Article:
• Write on the board beside the number 5 the things God did on the fifth day.
    • Summarize: On the fifth day of creation God made the sea creatures and birds. He said it was good.
  7. The Sixth Day.
    • Read Genesis 1:24-31.
    • Ask: “What did God do on the sixth day?” (created land creatures and humans; He gave the humans authority to rule over and have dominion over all the other creatures).
    • Tell the class that once again God said the animals reproduced “after their kind.” There were not billions of years of evolutionary changes and adaptations.
    • Ask: “How did God describe Himself in verse 26?” (with plural pronouns, again reminding us of His triune nature.
    • Tell the students that verse 26 reveals man’s unique nature (he was the only creature made in the image of God) and role in creation (he was to have dominion over all the other creatures).
    • Ask: “According to verse 27, how many sexes (genders) did God create?” (two: male and female).
    • Ask: “What did God do for the man and his wife in verse 28?” (he blessed them).
    • Ask: “According to verse 28, what did God tell them to do?” (be fruitful and fill the earth with their offspring, and subdue and have dominion over all the other creatures).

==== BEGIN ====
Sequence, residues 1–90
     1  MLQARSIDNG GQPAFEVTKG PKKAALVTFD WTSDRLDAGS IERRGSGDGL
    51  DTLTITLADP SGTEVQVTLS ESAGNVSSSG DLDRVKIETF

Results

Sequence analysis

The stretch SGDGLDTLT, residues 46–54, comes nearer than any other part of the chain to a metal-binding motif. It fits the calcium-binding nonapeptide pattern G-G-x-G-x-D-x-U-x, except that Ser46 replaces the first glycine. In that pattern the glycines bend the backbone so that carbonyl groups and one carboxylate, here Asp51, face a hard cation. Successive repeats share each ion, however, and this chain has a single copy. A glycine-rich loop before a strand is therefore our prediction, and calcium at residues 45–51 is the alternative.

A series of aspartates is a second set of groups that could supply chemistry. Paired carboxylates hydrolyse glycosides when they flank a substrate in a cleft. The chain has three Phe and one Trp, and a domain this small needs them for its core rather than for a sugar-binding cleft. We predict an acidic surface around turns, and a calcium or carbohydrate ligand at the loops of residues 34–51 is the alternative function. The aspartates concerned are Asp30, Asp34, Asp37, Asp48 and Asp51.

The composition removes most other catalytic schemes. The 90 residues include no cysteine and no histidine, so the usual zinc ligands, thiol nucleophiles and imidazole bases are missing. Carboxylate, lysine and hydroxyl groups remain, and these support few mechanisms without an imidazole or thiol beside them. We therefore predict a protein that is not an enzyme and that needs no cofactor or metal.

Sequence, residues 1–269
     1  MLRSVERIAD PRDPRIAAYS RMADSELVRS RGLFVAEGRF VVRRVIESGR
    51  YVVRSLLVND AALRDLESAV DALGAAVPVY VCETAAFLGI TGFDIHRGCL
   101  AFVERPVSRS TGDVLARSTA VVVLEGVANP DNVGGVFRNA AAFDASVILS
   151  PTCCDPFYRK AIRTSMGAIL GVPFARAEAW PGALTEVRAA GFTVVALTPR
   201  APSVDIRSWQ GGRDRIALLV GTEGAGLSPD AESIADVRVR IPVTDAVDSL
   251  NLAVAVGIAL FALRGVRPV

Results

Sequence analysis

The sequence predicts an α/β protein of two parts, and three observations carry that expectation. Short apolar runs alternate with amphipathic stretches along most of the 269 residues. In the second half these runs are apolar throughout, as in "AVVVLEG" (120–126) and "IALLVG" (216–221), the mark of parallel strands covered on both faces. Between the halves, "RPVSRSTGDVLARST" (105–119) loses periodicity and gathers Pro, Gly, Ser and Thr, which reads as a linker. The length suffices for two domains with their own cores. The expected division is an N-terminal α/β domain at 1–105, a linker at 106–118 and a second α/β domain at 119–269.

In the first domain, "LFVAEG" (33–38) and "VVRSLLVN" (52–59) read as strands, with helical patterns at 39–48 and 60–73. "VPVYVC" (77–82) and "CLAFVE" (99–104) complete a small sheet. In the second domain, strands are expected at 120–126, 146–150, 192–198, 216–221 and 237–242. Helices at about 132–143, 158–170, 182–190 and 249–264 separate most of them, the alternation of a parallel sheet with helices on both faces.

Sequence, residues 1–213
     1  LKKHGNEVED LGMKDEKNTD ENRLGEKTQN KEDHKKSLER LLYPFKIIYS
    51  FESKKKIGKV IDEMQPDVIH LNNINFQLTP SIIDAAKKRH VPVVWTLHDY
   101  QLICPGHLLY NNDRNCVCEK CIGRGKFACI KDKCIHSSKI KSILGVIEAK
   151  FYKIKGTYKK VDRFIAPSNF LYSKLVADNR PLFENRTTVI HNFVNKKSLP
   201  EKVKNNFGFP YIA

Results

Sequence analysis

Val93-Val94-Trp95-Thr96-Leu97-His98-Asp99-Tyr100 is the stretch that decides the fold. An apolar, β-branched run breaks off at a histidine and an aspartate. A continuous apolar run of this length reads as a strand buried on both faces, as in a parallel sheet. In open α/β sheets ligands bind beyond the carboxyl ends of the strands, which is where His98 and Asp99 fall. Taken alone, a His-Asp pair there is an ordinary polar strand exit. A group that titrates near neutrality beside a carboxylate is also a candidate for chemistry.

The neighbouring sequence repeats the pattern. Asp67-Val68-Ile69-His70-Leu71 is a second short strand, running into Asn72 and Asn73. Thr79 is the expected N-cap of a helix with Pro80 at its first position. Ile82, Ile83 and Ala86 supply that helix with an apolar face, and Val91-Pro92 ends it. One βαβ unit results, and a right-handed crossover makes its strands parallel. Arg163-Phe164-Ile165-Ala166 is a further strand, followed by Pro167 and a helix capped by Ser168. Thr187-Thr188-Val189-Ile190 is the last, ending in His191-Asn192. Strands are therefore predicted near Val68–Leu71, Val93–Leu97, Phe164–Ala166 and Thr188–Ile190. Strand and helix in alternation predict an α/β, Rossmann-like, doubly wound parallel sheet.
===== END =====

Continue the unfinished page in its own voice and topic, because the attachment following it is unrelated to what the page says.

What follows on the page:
• Tell the class the Hebrew word translated replenish in verse 28 is the exact same word translated fill in verse 22; it simply means to fill.
    • Explain the following:
      • Prior to the Fall there was no death in the world, so neither humans nor animals ate meat.
      • As hard as it is for our modern minds to comprehend, the most ferocious carnivores ate only herbs and fruits prior to the Fall.
      • There is nothing wrong with eating meat today (Gen. 9:3).
      • In fact, the Bible assures us that God created the meat of animals to be received with thanksgiving (1 Tim. 4:3-5).
    • Ask: “What did God say about His creation in verse 31?” (it was very good).
    • Write on the board beside the number 6 the things God did on the sixth day.
    • Summarize: On the sixth day of creation God created land animals and man. He said His completed creation was very
  8. The Seventh Day.
    • Ask a volunteer to read Genesis 2:1-3.
    • Ask: “What did God do on the seventh day?” (ended His work and rested, and set apart the seventh day as a special day).
    • Tell the class that the word rest does not mean God was tired; it simply means He ceased His work.
    • Ask: “According to verse 3, what did God do for the seventh day?” (blessed it and sanctified it).
    • Tell the students that God blessed three things in that first week: the fish and birds (Gen. 1:22), the human beings (Gen. 1:28), and the seventh day (Gen. 2:3).